This blog explains how I keep bees. It works for me, it might not work for you. Use my methods at your own risk. Always wear protective clothing and use a smoker when working bees.

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Wednesday, March 9, 2011

Pollen Patties

I love this picture. I threw this patty on a strong over wintered colony in March of 2007. The bees were instantly on it. You can see them on the edge of the patty getting the pollen substitute that they need so bad.

It is time to put on pollen patties. The weather is on the upswing and there is brood in the colonies. Pollen patties are an important spring food supplement that will make a colony prosper.
Good quality pollen substitute gives the bees protein that will not be available until the early spring pollen sources become available. Natural pollen in the spring is all weather dependent. So it is important for the beekeeper to have a protein source on the hive at all times. This protein helps the hive produce strong,healthy bees. It also promotes proper physical development of the bees.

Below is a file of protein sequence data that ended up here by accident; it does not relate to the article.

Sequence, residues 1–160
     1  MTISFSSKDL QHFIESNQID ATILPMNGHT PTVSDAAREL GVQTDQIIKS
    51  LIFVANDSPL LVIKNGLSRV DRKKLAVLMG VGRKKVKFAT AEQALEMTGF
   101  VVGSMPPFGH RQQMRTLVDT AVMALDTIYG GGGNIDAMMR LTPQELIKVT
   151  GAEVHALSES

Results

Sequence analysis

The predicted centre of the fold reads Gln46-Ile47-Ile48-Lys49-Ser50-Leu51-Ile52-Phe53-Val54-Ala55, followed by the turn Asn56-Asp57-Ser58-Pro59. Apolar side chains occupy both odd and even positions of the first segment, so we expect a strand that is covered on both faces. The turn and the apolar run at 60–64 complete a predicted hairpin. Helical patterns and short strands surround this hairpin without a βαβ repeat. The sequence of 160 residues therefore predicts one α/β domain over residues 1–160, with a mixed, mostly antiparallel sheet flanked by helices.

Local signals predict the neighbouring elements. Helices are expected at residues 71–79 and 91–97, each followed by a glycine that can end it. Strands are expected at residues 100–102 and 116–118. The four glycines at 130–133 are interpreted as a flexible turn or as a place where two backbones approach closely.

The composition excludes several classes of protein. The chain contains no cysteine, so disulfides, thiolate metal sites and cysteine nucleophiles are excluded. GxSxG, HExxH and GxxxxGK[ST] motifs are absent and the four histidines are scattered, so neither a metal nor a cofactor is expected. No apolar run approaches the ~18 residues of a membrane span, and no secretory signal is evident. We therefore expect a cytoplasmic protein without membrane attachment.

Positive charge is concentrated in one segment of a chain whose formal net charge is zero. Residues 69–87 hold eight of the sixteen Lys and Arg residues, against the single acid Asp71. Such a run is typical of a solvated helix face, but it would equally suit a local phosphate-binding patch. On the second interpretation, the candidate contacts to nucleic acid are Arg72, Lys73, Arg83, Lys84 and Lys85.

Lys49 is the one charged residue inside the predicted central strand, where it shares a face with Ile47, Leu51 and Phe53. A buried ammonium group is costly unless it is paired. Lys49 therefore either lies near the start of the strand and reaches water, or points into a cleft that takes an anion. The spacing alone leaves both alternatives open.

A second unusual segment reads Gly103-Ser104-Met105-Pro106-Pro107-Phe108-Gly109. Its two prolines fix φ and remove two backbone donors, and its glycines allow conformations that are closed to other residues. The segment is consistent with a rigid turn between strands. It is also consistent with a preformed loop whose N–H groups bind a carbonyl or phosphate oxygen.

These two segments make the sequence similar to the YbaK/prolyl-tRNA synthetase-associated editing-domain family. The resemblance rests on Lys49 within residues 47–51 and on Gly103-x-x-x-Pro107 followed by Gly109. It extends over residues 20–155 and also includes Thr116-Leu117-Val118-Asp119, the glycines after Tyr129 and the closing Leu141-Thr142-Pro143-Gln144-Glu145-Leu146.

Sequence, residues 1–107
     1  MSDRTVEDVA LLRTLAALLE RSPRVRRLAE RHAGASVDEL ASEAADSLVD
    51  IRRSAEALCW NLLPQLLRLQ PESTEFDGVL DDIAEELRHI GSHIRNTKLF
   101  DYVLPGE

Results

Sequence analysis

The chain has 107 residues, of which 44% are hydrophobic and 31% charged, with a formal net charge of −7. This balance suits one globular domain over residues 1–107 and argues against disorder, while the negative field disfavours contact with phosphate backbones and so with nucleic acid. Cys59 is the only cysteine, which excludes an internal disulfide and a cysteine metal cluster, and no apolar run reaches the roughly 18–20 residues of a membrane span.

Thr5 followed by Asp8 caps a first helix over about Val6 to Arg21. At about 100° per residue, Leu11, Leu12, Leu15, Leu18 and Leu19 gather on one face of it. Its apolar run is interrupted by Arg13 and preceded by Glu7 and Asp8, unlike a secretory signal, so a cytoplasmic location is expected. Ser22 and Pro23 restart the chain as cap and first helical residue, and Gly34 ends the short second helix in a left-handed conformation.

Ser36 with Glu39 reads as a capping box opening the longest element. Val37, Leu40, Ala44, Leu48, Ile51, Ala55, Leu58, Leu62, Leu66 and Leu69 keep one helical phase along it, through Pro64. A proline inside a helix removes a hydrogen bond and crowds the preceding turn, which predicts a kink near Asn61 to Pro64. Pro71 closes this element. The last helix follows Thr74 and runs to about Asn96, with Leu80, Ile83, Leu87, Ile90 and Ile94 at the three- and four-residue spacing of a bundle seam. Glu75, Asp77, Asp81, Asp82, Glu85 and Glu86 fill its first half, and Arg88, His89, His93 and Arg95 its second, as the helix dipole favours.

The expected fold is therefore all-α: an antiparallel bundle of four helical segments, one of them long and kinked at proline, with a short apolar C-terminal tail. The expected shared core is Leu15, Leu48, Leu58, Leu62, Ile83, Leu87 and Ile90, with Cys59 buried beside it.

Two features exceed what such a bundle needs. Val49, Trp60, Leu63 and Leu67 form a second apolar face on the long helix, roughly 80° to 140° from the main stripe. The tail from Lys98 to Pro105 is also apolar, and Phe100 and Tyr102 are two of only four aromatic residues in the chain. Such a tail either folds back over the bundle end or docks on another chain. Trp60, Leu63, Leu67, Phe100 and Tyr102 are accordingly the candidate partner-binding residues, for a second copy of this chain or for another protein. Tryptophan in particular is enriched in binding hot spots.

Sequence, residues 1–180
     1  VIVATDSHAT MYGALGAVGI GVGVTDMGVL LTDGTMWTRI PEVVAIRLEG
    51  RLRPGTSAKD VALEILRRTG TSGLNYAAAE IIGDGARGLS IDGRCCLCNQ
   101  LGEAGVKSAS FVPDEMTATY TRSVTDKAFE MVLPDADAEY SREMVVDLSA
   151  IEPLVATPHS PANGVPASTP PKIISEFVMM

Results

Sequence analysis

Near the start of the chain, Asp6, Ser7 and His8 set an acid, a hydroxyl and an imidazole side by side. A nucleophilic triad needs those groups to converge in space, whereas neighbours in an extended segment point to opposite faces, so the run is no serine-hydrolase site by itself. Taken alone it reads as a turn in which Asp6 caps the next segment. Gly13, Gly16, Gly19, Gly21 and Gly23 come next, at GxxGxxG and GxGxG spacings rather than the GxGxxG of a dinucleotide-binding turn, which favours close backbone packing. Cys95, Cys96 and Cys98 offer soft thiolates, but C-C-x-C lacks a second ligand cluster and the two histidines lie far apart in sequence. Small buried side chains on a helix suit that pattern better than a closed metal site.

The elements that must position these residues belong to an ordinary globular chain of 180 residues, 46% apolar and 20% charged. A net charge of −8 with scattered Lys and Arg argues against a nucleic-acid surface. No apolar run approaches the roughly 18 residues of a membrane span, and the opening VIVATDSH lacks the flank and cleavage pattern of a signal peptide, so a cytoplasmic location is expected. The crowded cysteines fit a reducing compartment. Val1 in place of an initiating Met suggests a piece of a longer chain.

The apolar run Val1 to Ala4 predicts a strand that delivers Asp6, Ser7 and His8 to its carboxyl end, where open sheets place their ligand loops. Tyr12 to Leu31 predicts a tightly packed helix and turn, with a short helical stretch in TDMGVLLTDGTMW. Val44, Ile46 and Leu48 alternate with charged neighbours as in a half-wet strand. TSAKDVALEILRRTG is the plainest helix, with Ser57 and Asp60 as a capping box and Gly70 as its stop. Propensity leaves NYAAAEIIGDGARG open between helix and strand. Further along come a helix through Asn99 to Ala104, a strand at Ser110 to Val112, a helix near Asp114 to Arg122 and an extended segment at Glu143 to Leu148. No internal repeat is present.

Without this the bees will have a shorter life span, shorter foraging ability, poor gland development that leads to poor quality Royal Jelly production. Not producing good quality and ample amounts of Royal Jelly impacts the entire health and quality of the hive.
Pollen patties go on where the bees are, right next to the cluster. If the bees are still in a lower box, the patty has to go underneath the top box. Normally the bees have moved up into the top box and the pollen patty lays on the top bars under the inner cover.
A note on feeding syrup. I avoid feeding syrup until early April unless there is no feed in the hive. Feeding syrup gets brood rearing going into high gear. If it gets cold and the cluster contracts, the bees will not be able to keep all the brood warm. Some of the brood will get chilled and die and actually set the colony back in their spring build up time line.
Pollen substitute is well worth the money. It will help build a population up so a May divide is in the future.